So what comes first, the lyrics or the music? Svetlana Bilyalova
Believe it or not, Paul McCartney’s “Yesterday” uttered gibberish at the beginning when the former Beatle was playing with the melody in his head. He woke up one morning with the tune and didn’t hesitate to start playing it on the piano. The provisional lyrics were on the lines of “Scrambled eggs, you’ve got lovely eggs” which simply allowed him to get a feel for the vocal.
However, you’ll find that other musicians find it easier to put the lyrics down on paper and work on the melody. Elton John is a composer who reached international acclaim for putting the lyrics of Bernie Taupin to music.
Neither the chicken nor the egg came first, it really depends on each person and what they feel most comfortable with or what they wake up with in their heads. Whether it be writing lyrics first then finding an instrumental to match it after, or writing to a pre-made instrumental beat, both are acceptable methods.
To become a songwriter, you must commit to writing songs. That seems pretty obvious but this means you should really be carrying a notebook on you at all times. You never know when you might be hit by inspiration and need to jot down any song ideas.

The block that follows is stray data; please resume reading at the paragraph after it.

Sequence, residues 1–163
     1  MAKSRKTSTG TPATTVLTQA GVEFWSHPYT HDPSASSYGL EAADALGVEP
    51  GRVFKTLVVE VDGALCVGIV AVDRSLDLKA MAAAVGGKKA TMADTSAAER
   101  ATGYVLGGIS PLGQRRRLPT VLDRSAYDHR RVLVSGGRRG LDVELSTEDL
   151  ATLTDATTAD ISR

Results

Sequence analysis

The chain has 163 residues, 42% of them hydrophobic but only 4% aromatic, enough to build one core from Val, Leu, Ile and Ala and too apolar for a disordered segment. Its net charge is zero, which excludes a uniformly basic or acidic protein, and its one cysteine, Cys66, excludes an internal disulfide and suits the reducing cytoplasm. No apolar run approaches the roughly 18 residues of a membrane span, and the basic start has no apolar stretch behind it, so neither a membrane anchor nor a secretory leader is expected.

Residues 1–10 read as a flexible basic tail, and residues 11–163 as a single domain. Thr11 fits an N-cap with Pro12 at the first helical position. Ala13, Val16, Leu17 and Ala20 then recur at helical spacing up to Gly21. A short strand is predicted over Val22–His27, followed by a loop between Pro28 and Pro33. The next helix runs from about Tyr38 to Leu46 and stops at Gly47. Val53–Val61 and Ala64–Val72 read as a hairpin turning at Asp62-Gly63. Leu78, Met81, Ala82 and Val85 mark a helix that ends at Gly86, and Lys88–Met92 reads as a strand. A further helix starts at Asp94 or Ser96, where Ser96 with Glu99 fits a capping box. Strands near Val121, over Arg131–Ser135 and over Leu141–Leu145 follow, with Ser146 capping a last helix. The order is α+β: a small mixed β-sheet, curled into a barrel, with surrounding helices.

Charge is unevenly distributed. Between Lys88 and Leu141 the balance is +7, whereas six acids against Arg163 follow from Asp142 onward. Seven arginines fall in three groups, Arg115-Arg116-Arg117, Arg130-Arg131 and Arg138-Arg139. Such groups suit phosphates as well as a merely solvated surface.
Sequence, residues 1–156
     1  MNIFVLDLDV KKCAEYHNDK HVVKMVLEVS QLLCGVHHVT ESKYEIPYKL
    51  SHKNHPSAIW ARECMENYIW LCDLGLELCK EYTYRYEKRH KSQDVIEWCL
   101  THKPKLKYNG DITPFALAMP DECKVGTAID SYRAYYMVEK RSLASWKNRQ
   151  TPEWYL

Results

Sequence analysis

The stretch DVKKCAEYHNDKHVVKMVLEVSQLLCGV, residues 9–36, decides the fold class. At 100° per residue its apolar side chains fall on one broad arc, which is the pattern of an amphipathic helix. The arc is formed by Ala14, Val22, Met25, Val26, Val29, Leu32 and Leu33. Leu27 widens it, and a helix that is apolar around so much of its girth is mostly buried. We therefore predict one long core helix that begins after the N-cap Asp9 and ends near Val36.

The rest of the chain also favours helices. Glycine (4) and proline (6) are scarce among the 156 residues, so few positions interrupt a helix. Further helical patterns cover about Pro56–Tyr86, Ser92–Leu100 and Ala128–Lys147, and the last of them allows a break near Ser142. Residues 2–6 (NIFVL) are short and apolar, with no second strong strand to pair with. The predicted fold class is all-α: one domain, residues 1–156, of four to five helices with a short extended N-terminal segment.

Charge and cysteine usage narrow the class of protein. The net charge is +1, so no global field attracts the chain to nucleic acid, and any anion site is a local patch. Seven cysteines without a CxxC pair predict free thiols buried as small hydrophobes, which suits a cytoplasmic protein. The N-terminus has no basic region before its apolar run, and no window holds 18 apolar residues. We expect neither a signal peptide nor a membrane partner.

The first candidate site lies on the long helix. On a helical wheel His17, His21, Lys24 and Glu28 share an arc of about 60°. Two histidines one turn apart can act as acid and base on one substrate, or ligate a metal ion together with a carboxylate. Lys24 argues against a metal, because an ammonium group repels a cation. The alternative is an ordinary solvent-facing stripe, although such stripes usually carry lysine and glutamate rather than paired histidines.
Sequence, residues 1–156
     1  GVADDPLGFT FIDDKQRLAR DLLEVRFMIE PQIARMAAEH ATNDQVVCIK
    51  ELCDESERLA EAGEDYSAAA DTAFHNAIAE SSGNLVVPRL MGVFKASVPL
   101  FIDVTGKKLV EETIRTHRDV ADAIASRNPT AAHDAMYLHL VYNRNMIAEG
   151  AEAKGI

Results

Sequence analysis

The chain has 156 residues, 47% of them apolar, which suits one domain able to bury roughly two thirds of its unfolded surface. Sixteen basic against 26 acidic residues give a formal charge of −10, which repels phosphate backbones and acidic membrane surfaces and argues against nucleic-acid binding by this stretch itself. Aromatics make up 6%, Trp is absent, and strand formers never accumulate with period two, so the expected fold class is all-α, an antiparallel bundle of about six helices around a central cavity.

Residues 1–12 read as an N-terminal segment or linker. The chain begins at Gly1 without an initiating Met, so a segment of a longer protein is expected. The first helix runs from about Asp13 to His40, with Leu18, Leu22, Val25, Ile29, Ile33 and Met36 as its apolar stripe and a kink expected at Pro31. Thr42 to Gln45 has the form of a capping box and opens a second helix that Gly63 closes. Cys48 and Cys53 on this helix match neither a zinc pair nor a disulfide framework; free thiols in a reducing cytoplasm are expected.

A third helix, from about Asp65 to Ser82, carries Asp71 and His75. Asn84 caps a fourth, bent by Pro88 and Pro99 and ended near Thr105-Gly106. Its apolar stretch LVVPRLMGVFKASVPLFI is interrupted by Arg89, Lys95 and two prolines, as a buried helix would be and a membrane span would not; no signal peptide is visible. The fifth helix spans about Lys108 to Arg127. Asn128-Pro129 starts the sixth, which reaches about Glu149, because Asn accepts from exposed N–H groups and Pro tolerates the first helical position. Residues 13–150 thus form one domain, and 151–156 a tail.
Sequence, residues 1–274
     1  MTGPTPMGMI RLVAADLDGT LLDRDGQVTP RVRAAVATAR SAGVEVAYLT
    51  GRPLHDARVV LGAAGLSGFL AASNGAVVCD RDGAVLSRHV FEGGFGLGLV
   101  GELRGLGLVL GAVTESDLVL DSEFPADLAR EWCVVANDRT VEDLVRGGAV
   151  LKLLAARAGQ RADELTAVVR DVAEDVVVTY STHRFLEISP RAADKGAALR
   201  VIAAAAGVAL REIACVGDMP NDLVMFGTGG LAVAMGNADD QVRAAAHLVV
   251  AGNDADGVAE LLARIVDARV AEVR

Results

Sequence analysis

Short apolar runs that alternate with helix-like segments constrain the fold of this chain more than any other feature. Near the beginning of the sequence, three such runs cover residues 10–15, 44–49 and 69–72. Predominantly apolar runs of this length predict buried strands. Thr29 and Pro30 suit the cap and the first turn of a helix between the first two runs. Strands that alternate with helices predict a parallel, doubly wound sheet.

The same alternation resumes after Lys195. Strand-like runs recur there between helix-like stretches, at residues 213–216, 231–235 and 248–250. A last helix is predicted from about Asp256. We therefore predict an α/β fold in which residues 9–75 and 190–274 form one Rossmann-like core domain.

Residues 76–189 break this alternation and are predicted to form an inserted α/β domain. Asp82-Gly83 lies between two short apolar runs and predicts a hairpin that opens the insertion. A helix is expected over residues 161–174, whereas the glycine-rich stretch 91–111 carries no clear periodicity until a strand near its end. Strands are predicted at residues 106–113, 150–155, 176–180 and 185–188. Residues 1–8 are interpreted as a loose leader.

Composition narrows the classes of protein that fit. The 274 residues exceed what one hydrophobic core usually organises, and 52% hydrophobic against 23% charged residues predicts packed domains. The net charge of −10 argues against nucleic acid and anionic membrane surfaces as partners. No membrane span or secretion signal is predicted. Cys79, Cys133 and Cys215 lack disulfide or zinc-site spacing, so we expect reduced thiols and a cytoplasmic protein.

We’ve spoken to an emerging singer-songwriter from Ireland, Padraig O’Connor, who’s given us his own insight into the skill of writing songs.
I would say just try to do it any way you can. Write words. Try to put a melody to them. The way it works for me is to listen for snippets of melody or words that come to you and then develop them into something that has meaning. At the beginning I spent a few years messing at the piano and figuring out what chords are and how they fit together. You can write with very simple chords c f g etc. Learning to play an instrument like guitar or piano would help with that. If you already write poems, you can see that there is an inherent rhythm to sentences/phrases and that can suggest a melody too. it’s generally rhythm first, then melody and harmony, so knowing the chords is helpful. And then letting your imagination run away with itself like taking a line for a walk. Oh, and one more thing, don’t give up. The first few times you do it, the songs probably won’t be very good, but keep trying and you’ll get better.
At Melboss, we have a specific app for singer-songwriters to upload their tracks and receive P2P coaching. This way, whilst you’re working o your track you can receive professional feedback every step in the creation of your song. If you’re still not part of the Melboss community, be sure to sign up and join other musicians in our professional music network.